3. When Paul said to the congregation in Corinth, "You are God's building," did he not recognize that congregation? When he said, "Let every man take heed how he builds thereon" (on the foundation), did he not intend to warn men to see to it how they did their work; to work according to the rule he, "as a wise master-builder," gave them? If he gave them a rule to work by, and they worked by it, their work was right, and is a model for all workmen on the building of God for all time to come. Of this there can be no doubt.

The churches formed under the labors of the apostles were built up under the infallible guidance of the Spirit of God, according to the pattern shadowed by the ancient temple built by divine direction. These first congregations of the Lord, built up under the infallible guidance of the Spirit of God, and then confirmed by the most stupendous, grand and awful displays of supernatural power, are the divine models for all churches. They were the creations from the hand of Divine Power, and intended to be, in the true sense, models for all churches in all time. Departure from them is departure from the Lord — it is apostasy. This has been received as a principle, a settled and an important principle, from the beginning of the reformatory movement of this century; and one at the foundation of all that is dear to us. Any departure from it is apostasy. Cut loose from this grand anchorage, and we are out at sea without chart or compass.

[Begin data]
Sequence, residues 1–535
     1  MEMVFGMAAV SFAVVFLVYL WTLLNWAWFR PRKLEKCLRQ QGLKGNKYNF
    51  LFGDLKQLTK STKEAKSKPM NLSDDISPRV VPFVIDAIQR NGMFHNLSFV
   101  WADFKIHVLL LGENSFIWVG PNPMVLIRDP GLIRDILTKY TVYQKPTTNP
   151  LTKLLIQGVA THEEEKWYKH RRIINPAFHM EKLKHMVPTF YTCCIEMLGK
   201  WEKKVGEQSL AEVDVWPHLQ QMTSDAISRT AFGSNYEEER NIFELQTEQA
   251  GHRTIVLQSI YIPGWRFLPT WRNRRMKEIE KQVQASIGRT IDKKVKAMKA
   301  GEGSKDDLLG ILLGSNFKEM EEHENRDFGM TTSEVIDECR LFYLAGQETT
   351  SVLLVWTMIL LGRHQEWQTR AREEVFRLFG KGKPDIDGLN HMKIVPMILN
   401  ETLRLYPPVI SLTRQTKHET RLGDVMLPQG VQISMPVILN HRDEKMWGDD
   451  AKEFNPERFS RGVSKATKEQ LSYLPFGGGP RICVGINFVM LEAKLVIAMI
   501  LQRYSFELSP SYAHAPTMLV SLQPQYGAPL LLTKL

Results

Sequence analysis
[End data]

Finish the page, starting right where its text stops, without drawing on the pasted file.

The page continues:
This is not as some, who have tried to break its force, have said: "So straight, that it leans a little over." It is simply straight — it does not lean at all. The trouble is not that it leans, but that it condemns all that does lean. The leaning, twisting, crooked establishments men have made, when brought along-side of the divine model, are exposed at once. But why try to get rid of the idea that the original church is a model? I will proceed to tell why.

(Continued next week)